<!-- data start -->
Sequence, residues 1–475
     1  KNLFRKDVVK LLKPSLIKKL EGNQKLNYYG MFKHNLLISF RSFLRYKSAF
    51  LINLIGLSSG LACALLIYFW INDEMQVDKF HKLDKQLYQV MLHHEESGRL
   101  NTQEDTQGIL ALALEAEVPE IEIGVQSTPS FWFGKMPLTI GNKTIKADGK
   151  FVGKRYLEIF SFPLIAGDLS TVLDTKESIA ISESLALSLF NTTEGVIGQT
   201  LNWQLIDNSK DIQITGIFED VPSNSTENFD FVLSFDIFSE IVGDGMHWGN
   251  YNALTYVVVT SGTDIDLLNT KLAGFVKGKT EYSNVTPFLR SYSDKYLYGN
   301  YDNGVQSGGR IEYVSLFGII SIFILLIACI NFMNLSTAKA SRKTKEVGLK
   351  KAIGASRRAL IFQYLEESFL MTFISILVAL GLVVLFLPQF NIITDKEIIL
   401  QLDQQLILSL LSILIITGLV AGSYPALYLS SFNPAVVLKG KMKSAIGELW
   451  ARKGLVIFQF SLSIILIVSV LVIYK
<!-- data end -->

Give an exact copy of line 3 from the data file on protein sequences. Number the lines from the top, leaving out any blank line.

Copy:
    51  LINLIGLSSG LACALLIYFW INDEMQVDKF HKLDKQLYQV MLHHEESGRL